Of course he could. I was sure their attitudes to each other would have mellowed over the years and it was important that old Mr. Trent should be able to live out his days with peace of mind. I saw Jack helping himself to a handful of sausage-rolls and called him over.

"They're not all for me," was his excuse. "Hallo again Uncle!"

I asked if he could fetch Lucy-Ann, as Mr. Trent wanted a word with them both. His uncle smiled suddenly, making him look far less bad tempered.

"I just want to tell you anything you might want to know, and make mention a few family things," he said to his nephew, and Jack looked interested.

"Sure Uncle, I'll go get Lucy-Ann."

They left and I was glad. A heart-to-heart might give the children a far clearer insight into the past now that they were both more able to understand the ways and wiles of 'grown-ups,' and I was sure their uncle would pass on anything he possessed that related to their parents - not to mention the family papers he had told me were in his satchel. I wasn't going to take them on the children's behalf – let them be the sole recipients and if they wanted them to be looked after, then Allie and I would see to it they were placed in safe keeping.

I'd forgotten that photographs had to be taken so Allie and I joined the groups gathering on a lawn picked out by the photographer - a dapper young man with a goatee and horn-rimmed glasses who looked very much the part. He seemed very capable and he worked a large studio type camera with a black hood that he disappeared under to snap us while we said "Cheese." Relatives and other guests chopped and changed positions and judging by the camera, we should end up with some excellent pictures to treasure in future times. Kiki was on Jack's shoulder and making all kinds of remarks to the partygoers' delight. She had gone down well with them all and particularly with the flower girls and other young guests.

When all that was over I was at last able to escort Allie to the marquee for refreshments and conviviality. In keeping with the 'casual' tone, the idea was that we'd wander and mingle and listen to the three string bands that moved around wherever they were needed, either to add atmosphere or cater to those who wanted to look active. There was dancing on the green and extra tables were placed around the perimeters literally groaning with the weight of delicious looking food and drink. There were even two pigs with apples in their mouths and a very capable-looking chef standing by and insisting we all try a morsel.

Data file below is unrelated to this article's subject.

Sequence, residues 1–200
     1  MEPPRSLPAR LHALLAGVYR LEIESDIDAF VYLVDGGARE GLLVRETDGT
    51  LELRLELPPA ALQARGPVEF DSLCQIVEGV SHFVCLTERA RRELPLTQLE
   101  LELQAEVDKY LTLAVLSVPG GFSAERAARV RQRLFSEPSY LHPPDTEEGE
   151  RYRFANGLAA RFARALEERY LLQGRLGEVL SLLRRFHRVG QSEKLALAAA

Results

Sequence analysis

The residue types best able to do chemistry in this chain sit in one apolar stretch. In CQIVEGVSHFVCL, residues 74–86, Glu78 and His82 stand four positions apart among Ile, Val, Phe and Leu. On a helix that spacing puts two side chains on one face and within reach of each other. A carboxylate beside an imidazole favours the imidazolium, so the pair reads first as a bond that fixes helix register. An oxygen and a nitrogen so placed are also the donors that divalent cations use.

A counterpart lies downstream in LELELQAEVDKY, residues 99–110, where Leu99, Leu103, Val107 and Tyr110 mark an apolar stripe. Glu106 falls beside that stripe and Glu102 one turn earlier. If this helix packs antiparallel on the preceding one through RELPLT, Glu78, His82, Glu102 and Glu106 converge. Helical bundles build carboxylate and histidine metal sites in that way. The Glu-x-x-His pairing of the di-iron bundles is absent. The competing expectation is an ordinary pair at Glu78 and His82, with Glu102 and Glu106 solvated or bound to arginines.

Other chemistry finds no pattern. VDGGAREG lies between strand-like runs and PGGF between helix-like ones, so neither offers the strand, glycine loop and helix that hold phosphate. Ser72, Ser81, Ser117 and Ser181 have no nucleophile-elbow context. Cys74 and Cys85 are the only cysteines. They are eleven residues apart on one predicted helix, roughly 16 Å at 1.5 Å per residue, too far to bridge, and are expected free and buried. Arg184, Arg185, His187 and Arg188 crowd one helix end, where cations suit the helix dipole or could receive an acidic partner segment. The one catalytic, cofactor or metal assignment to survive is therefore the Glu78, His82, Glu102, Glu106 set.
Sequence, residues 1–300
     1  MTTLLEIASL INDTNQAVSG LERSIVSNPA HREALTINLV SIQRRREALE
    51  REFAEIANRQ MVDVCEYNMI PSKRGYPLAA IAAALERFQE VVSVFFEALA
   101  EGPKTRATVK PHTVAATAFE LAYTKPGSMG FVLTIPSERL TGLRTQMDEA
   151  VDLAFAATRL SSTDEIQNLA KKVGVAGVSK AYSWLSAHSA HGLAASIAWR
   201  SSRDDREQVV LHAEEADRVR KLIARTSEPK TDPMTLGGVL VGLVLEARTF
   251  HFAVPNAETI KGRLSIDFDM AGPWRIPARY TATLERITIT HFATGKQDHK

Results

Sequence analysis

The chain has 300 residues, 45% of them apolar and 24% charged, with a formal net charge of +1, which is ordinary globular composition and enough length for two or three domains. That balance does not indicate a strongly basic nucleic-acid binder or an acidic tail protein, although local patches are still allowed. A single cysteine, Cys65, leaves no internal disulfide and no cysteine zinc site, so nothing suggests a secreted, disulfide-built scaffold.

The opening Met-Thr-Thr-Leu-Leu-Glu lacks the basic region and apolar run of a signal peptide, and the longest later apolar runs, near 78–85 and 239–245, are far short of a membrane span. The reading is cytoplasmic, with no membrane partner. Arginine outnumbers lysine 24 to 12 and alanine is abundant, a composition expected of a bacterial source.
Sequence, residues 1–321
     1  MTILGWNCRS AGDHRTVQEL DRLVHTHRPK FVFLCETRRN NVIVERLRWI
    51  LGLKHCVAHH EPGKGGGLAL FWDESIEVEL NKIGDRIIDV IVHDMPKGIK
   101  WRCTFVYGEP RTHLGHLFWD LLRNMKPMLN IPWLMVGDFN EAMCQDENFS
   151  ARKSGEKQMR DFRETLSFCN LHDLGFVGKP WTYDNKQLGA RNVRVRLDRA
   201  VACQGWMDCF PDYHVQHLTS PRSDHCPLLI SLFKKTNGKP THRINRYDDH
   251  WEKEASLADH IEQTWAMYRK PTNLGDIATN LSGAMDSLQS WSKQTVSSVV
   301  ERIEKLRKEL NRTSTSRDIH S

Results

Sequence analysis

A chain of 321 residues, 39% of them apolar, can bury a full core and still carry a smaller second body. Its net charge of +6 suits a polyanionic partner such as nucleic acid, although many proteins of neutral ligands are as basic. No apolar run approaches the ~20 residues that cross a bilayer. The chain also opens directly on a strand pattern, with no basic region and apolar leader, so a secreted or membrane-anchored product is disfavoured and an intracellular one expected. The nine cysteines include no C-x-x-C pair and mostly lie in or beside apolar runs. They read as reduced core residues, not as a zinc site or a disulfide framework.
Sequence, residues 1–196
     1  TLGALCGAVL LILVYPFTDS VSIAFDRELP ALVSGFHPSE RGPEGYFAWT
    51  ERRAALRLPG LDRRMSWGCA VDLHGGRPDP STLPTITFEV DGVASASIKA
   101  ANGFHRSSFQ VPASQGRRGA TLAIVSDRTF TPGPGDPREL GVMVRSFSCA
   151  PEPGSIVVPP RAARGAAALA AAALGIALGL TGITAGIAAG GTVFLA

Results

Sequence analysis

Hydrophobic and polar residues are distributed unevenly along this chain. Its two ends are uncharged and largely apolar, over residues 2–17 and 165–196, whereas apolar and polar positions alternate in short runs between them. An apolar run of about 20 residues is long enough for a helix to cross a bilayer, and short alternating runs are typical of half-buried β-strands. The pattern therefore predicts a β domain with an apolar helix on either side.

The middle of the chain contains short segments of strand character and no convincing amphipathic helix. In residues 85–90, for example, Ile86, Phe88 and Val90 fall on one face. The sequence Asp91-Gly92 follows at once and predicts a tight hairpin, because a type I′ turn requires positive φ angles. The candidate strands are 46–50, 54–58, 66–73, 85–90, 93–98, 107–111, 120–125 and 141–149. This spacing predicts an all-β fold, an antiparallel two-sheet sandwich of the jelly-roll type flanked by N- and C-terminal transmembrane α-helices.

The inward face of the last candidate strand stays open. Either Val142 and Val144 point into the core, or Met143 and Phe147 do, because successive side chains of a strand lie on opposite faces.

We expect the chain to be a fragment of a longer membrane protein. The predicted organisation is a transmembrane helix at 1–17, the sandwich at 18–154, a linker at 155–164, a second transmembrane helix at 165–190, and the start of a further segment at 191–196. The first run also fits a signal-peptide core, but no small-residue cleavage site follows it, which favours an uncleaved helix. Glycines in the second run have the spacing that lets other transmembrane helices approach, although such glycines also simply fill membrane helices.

"Cooked to a turn," said he!

The bridesmaids had escorts whom I met briefly, and the little flower girls spent the time with a few other youngsters playing in a special section of the estate where a playground had been temporarily installed. Beatrice, and the staff had thought of everything and even handled accommodation for those staying overnight in the town. Far above and known to only a few, were other arrangements - men in their bottle-green uniforms patrolling the rooftops and keeping an eye on the festivities below. Every now and again I'd see one standing near a chimney or looking out of a window and according to Andrew, there were more hidden in the grounds at the rear of the estate.

The teenage guests knew each other mostly sand ran around excitedly with projects in mind be it hide and seek with a difference – going off in twos, or simply enjoying the freedom offered to them by the extensive grounds. Allie and I separated, rejoined, separated, and rejoined – it was that kind of a 'do.' While she went off to renew ties with a couple of friends she hadn't seen for ages, I started up a conversation with Jim who was helping himself and his fiancιe to some punch.

'You'll be up for our wedding when the day arrives and that's not asking you, Bill. It's an order," he told me.

Wendy, holding a large glass of the drink that cheers, took his arm and said she wanted the punch recipe. Didn't blame her – definitely the best I've ever tasted. I said in the first instance she should consult the jolly old chef who had gone inside to get more food.

"If you have no luck today, just send me a note from Aberdeen and I'll get it for you."

Allie came up with someone in tow. It was the young singer who'd touched everyone's heart with his prowess. I was sorry I hadn't met him earlier, but Allie said he'd been busy in the Hall office with telephone calls from people who wanted to get in touch with him.

"Bill, meet Ken. Ken meet Bill," Allie announced and we shook hands. Clean cut with his hair combed back, he emanated Scottish charm that had added to his appeal during the performance.

"He's been on the BBC," Allie told me, " ... and he's down here to look round London and hopefully enroll with the RCM."

"What's that?" I asked her.